When the city briefly suspended the boot program as a result of that lawsuit, officials admitted it was too costly to send out a $2.79 certified letter for every violation, and so they simply weren’t doing it. Now city officials claim they are in compliance with the law, saying PARC notifies violators by mail within seven days of a ticket being issued. If the infraction is not paid, they follow up with a letter sent by certified mail.
Eventually a federal judge ruled the lawsuit instead belonged in state court, and Mour filed a new claim, this time in Jefferson County Circuit Court. In a 39-page motion, Mour is requesting a temporary injunction preventing the city from booting any vehicles, and he again questions Metro government’s notification procedure.
“I’m telling you they’re not complying with law. They are sending out some certified letters, I’ll give them that. But if you read them they’re not advising people of their appeal rights,” he says. “They’re basically collection letters saying you have five unpaid tickets, please pay them and go to our website for your appeal rights.”
A judge is expected to consider Mour’s request for an injunction at a Jan. 8 hearing.
When asked about Mour’s latest lawsuit, mayoral spokesman Poynter was quick to criticize the lawyer’s personal pursuit.
“If Mr. Mour would spend as much energy fighting real issues in this city as opposed to parking tickets, our city would be much better off,” Poynter says. “If he spent as much time helping some nonprofits in this city as he is suing the city, we’d be a much better city.”
Sitting behind a cash register and punching in the day’s receipts, Jeff Kopple, co-owner of Sicillian Pizza & Pasta on Fourth Street, doesn’t know whom to believe when it comes to parking rules.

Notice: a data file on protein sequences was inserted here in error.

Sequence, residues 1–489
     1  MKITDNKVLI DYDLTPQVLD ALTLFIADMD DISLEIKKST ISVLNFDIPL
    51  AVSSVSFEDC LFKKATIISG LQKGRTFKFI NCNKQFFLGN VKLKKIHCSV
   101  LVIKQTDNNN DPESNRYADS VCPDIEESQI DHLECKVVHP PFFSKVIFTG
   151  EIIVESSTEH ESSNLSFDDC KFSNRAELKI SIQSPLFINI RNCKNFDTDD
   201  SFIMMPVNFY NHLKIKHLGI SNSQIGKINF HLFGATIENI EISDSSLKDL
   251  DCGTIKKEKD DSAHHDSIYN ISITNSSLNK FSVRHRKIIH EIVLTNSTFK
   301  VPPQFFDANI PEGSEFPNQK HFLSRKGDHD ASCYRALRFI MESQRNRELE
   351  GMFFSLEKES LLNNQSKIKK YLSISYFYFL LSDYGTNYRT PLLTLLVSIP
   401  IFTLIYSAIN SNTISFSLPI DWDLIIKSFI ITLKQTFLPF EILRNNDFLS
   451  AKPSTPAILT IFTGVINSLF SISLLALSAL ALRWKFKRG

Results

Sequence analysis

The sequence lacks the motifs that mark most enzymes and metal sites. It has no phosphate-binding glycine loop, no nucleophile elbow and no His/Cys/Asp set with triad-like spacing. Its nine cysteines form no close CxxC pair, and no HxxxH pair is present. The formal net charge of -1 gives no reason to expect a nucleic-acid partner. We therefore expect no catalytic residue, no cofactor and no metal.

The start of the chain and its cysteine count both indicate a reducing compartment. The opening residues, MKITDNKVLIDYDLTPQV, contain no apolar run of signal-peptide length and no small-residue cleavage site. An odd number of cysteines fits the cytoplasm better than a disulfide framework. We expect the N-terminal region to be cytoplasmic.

PARC enforcement officers have told him the city allows up to 30 minutes for deliveries if work vehicles have their hazard lights blinking. But last week, after spending 10 minutes carrying an $80 catering order into the Hall of Justice, he returned to find a yellow boot on the truck he recently bought from his father.
To prevent the truck from being impounded, Kopple visited PARC’s downtown office and pleaded his case, but they refused to waive his citation or set up a payment plan.
“I had to pay $590 for everything, to remove the boot and for all the back tickets, which are tickets on every vehicle under my father’s name,” he says. “That could have been my sister’s car when she was 16 years old or my brother’s when he was 18 years old.”
PARC officials indicated they had issued a certified letter about more than a dozen tickets owed, but Kopple says it must’ve gone to another address because he never saw the notice.
“It’s just frustrating that I was ticketed and booted when I followed all the rules I was told to do by the Parking Authority,” Kopple says. “I just felt let down that we’re told these things by one person, and another person will say something different, and none of them are true.”
At this point, however, Kopple and other disgruntled city drivers should be thankful PARC has not started enforcing its stricter policy of booting legally parked vehicles with as few as two unpaid parking tickets.
Although the new booting procedure is officially on the books, it is unclear exactly when it will take effect, or why it isn’t currently being enforced.
“I really don’t have an answer on why we haven’t implemented it yet, we just haven’t. It could happen, but we haven’t yet,” says Cathy Duncan, executive administrator of PARC.
For now, consider it a reprieve in the move toward big-city parking enforcement, which is welcome news for PARC officers like Shawn Wall, a five-year veteran. Carrying a handheld computer, a small printer and a pack of green envelopes, Wall says he tries to help drivers avoid citations when he can.
“The parking wars aspect is not what’s really going on out here despite what people think,” he says. “You don’t get in very many confrontations, and it isn’t all about writing tickets.”
For more on the history of parking in Louisville, as well as things you should know before feeding the meter, visit www.leoweekly.com/news.